Eventually you will have the AHA! moment, and it will all make sense. Then in a few years, you will forget the basic syntax! :)

… But no worries, the principles of the code will stay with you.

In the end, what separates the good coders from the bad: a good understanding of the basic principles and techniques.

Hope that helps,

Stefan Mischook
Killerphp.com

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What JS framework should you learn?

January 30, 2016

javaScript

PHP developers have to learn some JavaScript. There is no debate there, given that JS is the most important programming language in the world, and since when it comes to browser scripting, there is no other option.

JavaScript, like PHP, has several frameworks/libraries to choose from: jQuery, AngularJS, ReactJS … etc. With that in mind, I had someone put this question to me recently: “Is there JS framework you would recommend or to think about ?”

My answer:

Whatever you do, learn jQuery … although, you don’t have to learn everything about it. Just get an overview and understand the basics. jQuery is big and trying to learn everything might be a waste of time.

… It’s good to know WHAT a framework can do, so you can consider it for projects you are working on. But don’t use a framework for the sake of using it. People often think that they should be looking for a way to use a framework. No … use a framework only if you need to.

So much, and too much to learn!

The thing about learning tech skills, is that you have to learn to filter – there is so much to learn, you can never keep up. You have to pick and choose.

My advice is to first learn the basic concepts and techniques that are universal. Things like OOP, MVC design pattern (and others), separation of concerns etc … then get into more advanced programming concepts. Once you have that, you can poke around some frameworks, keep your eye on what is out there, but keep in mind that it is not possible to learn all things.

I lost 10% of my hair in the 1990’s, trying to learn too much!

Back in the 1990’s when I first cut my coding teeth, I used to drive myself bat shit crazy trying to keep up with all the ‘hot’ amazing nerd-tech hitting the Web. Most of the time, the new amazing thing wasn’t really much better than what was already there, and many a times, you would sacrifice some advantage in one library, framework or language … for another.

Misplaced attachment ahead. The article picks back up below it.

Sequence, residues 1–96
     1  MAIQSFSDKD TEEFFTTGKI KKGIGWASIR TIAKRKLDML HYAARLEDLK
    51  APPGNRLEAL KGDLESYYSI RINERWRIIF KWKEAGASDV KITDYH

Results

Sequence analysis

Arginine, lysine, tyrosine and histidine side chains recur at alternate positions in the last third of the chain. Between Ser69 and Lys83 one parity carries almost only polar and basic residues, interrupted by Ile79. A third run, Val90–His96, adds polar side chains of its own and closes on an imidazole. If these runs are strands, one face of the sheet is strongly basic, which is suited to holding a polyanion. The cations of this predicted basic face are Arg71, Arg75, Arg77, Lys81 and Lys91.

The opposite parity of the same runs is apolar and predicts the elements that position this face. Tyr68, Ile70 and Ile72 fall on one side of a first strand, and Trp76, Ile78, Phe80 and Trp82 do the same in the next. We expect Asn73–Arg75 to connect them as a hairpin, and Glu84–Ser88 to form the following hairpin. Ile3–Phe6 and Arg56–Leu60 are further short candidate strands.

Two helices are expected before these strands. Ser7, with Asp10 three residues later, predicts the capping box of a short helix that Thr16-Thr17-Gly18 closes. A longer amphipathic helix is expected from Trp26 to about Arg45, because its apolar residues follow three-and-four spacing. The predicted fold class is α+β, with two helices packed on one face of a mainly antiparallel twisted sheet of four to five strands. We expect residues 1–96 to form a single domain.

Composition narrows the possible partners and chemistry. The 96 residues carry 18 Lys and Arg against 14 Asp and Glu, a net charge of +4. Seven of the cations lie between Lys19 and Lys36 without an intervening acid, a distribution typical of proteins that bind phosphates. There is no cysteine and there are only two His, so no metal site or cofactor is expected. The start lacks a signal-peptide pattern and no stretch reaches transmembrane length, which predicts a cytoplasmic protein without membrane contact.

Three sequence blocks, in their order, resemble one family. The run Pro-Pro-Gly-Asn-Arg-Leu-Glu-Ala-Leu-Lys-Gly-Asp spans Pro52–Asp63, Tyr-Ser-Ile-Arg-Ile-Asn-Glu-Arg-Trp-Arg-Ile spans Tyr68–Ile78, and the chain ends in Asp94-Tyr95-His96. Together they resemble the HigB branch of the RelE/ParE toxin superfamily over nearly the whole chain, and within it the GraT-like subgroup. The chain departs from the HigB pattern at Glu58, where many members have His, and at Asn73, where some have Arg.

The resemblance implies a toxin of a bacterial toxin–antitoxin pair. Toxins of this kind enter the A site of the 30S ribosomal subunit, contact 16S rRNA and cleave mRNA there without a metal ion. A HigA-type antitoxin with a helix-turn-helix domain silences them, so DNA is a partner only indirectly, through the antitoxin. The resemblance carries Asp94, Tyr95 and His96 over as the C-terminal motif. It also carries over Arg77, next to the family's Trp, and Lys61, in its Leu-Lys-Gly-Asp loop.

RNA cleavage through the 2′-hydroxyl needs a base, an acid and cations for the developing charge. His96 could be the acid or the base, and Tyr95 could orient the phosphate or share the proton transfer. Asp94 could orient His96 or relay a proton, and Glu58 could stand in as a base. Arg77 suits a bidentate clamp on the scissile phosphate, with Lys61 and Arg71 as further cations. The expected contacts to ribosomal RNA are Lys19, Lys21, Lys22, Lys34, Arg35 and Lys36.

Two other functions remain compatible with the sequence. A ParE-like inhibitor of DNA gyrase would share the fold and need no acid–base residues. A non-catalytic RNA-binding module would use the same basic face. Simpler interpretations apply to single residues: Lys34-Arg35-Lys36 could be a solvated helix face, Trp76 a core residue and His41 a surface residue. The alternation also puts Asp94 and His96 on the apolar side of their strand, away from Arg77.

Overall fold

Again, know the basics well, learn the key libraries/frameworks so you at least know what they can do. But don’t go nuts. Personally, in the JS world, I would learn jQuery first and foremost. But not all of it.

Thanks for reading.

Stefan Mischook
Killerphp.com

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New Beginners PHP course is complete!

December 29, 2015

Hi,

I finally finished my brand new Beginners PHP course! It has 46 video lessons, and 121 quiz questions to reinforce the concepts and techniques taught in the videos.

This is my latest course to provide an immersive learning experience. Previews coming soon!

Thanks for reading.

Stefan Mischook
Killerphp.com

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Updating from PHP 5.4 to 5.5 with WHM

November 29, 2015

Hi!

We just updated from PHP 5.4 to 5.5 with WHM. It took the server about 10 minutes to compile, and it went off without any problems. Thanks be to the nerd gods!

We had a worry about a few WordPress installs (WordPress 4.3.1) and an old CodeIgniter codebase – but all went well.

Why the upgrade?

We wanted to take advantage of PHP namespaces. But as an added bonus, we noticed a nice speed boost in PHP – even our old apps are running much zippier now.